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Hi I have a question about the use of vectors in in c++, I am working on a problem of simulating particle movement through containers by random motion. I have a need for adding and removing particles as they meet or fail to meet certain criterion and for this purpose I found the vector class very handy, however I am new to c++ and a have a problem of efficiency I need to consider.

Are the 2D arrays I define limited to being either rectangles or squares? I only need to store the position of particles in each container. What I am afraid of is that my matrix will look like this:

| | | | |

| | | | |

| | | | |

| | | | |

for the 4x4 case. With the entry of the column being the position of the particles in each bin/container and number of particles differing from bin to bin I wonder if something like this is possible:

| | | | | 4 particles in first bin

| | | 2 particles in second bin, the memory occupied being 2x less than the one above

| | | | | | | | | | | | | | | | | this many in third bin and so on.

I will also be needing to remove elements in rows (reducing row size) or adding elements in rows (increasing row size) or in columns depending on which way I implement my algo and would appreciate it if you could warn me beforehand if there are common mistakes when dealing with vectors of multiple dimensions as I am sure to make one, being new to the programming language :)

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Vectors only have one dimension. You can have a vector of vectors if you like ("jagged"), or use Boost.MultiArray for multi-dimensional ("rectangular") arrays. – Kerrek SB Dec 4 '11 at 2:10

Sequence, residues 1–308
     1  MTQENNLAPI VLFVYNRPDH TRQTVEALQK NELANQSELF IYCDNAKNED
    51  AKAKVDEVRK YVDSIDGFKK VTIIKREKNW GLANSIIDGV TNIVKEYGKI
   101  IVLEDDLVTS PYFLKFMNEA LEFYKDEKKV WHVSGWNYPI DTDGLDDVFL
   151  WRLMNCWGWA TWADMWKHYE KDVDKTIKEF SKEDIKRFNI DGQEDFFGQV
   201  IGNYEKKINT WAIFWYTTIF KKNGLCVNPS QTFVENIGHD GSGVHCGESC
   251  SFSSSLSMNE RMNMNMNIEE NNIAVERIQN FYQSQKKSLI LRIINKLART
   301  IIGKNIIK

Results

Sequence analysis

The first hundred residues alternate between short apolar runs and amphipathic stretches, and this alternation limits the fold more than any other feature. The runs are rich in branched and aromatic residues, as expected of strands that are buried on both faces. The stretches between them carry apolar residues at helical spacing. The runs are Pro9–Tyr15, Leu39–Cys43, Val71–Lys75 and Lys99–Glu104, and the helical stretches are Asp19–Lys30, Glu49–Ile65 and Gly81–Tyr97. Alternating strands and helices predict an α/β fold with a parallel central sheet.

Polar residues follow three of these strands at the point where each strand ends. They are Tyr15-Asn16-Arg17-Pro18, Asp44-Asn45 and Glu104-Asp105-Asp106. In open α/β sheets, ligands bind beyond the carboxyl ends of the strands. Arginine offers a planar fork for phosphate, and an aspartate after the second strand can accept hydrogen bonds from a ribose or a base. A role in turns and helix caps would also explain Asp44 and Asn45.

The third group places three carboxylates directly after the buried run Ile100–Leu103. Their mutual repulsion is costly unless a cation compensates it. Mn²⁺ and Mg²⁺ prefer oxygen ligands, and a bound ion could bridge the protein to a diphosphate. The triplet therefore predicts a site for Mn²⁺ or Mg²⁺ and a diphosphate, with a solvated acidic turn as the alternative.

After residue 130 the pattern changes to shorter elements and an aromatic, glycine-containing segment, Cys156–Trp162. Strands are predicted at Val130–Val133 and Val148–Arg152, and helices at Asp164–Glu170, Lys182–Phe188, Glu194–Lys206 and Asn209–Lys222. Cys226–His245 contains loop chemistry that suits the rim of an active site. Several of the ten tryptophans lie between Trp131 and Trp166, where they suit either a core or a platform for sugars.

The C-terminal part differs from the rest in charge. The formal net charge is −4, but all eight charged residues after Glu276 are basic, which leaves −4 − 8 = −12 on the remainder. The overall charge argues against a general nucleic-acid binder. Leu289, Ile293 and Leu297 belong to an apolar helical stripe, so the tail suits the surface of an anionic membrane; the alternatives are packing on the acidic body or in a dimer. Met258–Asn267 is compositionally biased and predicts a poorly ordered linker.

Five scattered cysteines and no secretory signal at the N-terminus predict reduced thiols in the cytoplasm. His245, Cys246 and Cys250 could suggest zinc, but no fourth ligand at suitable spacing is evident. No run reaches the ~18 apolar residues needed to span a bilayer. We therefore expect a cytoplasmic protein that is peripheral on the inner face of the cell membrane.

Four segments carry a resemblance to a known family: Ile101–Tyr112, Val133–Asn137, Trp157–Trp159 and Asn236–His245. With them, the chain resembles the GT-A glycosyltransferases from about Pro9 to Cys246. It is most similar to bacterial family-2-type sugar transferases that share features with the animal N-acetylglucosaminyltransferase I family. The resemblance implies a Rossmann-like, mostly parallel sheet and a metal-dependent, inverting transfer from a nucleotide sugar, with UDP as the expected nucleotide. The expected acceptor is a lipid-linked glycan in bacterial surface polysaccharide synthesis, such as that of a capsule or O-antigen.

up vote 3 down vote accepted

You can use a vector of vectors: vector<vector<Particle> >

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A jagged array (a vector of vectors is a jagged array) would still waste space to the "left" of occupied grid cells. There would still be cells with empty contents. – Merlyn Morgan-Graham Dec 4 '11 at 2:47

At first, when you ask about "2D arrays ... limited to ... rectangles or squares" it sounds like you are asking how to represent "jagged" arrays (arrays that are not rectangular, but have a fixed "height", with a variable "width" per-row).

But "tetris" shapes (tetraminos) don't lend themselves particularly to jagged arrays. It makes me think you actually want a sparse array. That is, you'd like to store only positions of particles, and not store positions of non-particles.

The easiest way to do this is to simply skip the grid, and directly maintain a list of positions of occupied spaces/particles.

struct Position
    float X;
    float Y;

// ...

std::vector<Position> particles; // std::list works too...

But plain lists aren't very efficient for some purposes. If you need to have spatially indexed access to these, for example to find out how many particles are in a given volume/area within your simulation, then you should use a space partitioning data structure that still allows sparse population.

People commonly do this the way you are describing, with a rectangular grid, then storing a list inside each grid location of the particles contained in that grid cell. But that "wastes space" for grid cells that aren't used. It doesn't solve the sparse population problem.

A popular data structure that supports both spatial indexing and sparse population is a quadtree.

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